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Developers commit to downtown condos, hotel

With the exuberance of Parkview Field’s opener past, the reality of the holes – figurative and literal – within Harrison Square is clear.

Where a condominium/retail building and a Courtyard by Marriott were touted, sit only empty sites. Most of the private investment in the $130 million Harrison Square project has not been made.

When last speaking to the Fort Wayne City Council in November, the developers of The Harrison condominium building said condominium contracts would call for a groundbreaking before Thursday’s home opener. Originally, the developers hoped The Harrison opening would coincide with that of the new downtown baseball stadium.

That groundbreaking has not occurred, but project developers are hopeful the excitement, and large crowds attending games at the new ballpark, will help sell the other parts of the project.

“I think that makes the idea of living here more attractive,” said Jason Freier, CEO of Hardball Capital, owner of the TinCaps. Hardball is a partner with Barry Real Estate, which is developing The Harrison.

Freier said they are still committed to the project as soon as they can obtain financing for the $14.5 million development. The recent economic collapse has been blamed for the lack of available loans for the work.

The forecast appears to be better regarding the proposed $20 million Courtyard. The hotel’s contract called for construction to begin by Jan. 1. While work hasn’t started and the building permit has expired, the project has received partial construction financing, according to Steve Brody, city consultant on the project.

He said White Lodging of Merrillville is working with several local lenders in an effort to get the rest of the financing to build the 250-room hotel. An update on the project is expected soon, he said. The hotel is vital to the long-term viability of the project because its property taxes are to be used to pay loans taken to build Parkview Field and the nearby parking garage.

“The hotel is much more likely to get started first,” said Greg Leatherman, Fort Wayne’s executive director of redevelopment.

In order to secure financing for The Harrison, Freier said the top priority is signing quality retail tenants for the first floor of the building. The second focus is selling more condominiums. He said there remains the same number of people committed to the condominiums, while adding it wasn’t a “huge number.”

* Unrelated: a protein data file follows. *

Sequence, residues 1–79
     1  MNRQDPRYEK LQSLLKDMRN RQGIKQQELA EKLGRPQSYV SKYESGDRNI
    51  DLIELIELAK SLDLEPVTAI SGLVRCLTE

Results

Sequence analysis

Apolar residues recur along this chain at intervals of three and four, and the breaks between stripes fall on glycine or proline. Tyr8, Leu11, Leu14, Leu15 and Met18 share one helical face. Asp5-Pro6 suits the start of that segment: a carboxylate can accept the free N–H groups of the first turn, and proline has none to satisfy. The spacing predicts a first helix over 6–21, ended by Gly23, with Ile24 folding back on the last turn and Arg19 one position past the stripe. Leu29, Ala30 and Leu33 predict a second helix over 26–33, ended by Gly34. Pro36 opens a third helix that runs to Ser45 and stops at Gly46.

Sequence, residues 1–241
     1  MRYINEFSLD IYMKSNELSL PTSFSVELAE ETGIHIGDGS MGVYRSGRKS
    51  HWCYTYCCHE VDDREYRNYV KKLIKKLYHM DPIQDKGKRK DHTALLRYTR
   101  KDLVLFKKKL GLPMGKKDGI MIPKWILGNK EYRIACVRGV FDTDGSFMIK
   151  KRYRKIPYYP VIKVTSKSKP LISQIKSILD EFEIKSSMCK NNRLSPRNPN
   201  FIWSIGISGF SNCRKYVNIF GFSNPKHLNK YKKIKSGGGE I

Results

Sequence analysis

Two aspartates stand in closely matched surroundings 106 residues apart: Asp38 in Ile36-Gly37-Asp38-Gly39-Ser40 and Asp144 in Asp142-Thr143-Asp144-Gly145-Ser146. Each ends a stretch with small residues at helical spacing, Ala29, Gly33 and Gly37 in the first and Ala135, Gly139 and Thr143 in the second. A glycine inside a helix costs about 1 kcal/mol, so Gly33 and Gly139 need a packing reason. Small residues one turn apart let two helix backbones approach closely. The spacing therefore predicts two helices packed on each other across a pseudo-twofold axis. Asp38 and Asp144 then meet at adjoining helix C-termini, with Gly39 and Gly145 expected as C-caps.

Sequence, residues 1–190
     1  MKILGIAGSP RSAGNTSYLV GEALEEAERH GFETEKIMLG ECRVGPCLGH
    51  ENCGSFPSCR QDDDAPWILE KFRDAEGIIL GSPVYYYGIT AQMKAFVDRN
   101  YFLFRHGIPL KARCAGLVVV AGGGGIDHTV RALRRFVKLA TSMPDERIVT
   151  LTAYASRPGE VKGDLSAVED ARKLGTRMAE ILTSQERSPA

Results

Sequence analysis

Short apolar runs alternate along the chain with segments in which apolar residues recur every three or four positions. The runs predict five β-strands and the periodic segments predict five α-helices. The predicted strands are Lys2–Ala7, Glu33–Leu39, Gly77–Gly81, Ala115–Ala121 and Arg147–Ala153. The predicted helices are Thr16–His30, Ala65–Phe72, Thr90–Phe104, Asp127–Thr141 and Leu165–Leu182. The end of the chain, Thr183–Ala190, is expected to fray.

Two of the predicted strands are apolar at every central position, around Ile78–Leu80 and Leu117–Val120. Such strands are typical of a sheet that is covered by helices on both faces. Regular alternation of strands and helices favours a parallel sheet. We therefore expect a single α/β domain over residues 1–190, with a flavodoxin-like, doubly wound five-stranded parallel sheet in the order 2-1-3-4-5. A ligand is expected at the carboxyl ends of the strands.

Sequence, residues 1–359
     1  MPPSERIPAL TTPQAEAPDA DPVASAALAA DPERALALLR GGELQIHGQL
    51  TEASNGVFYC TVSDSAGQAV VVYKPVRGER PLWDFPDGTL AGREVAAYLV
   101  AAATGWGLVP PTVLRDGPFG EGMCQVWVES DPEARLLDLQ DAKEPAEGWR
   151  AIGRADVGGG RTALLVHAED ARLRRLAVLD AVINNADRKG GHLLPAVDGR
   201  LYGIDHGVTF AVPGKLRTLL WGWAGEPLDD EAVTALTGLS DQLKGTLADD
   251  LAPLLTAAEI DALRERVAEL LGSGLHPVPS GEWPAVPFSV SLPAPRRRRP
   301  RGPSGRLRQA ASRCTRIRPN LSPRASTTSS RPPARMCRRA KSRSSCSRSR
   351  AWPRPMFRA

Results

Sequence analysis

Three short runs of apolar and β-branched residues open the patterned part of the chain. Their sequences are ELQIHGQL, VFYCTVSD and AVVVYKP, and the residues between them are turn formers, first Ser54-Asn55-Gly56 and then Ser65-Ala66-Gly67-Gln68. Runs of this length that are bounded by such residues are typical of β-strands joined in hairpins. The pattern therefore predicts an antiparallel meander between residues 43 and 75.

“Retail interest is strong, (but) corporations these days are acting very slowly,” he said.

The condominium project has signed one tenant, Anytime Fitness, which will let customers watch minor-league baseball while working out at a two-story, 6,000- to 7,000-square-foot gym.

Freier said they have two letters of intent from other tenants, including one that would take up at least half of the available space.

Securing the retail is key, he said, because it not only provides a solid tenant with a steady rent, but it also adds to the allure of the project. He said many potential condo buyers want to know what will be below them in the building.

Rumors have swirled about The Harrison shrinking in size, and though Freier said there have been numerous discussions about how to get the project started, he doesn’t anticipate that happening.

“We want the best project possible here,” he said. “I don’t see it being less than two stories of living.”

That living could include a mix of condominiums and high-end apartments, Leatherman said. He stressed the developers were only exploring mixing apartments into the project, and no decision has been made on a possible split of condos and apartments.

The project’s scope was previously reduced, from a 62-unit, $21 million complex to 30 condominiums costing about $14.5 million.

Freier said the larger plan was based on the initial interest from people in the project – more than 50 potential buyers gave $1,000 refundable deposits – but said the current plan is exactly what the company promised the city it would build in the contract.

He said even though the condominiums haven’t started, there is no fear of losing people currently interested in the project.

Leatherman understands the ongoing concerns about the projects, but he said it wouldn’t be right to put something that doesn’t fit next to the new ballpark.

“It’s more important to get it right than to just do something,” he said.

blanka@jg.net

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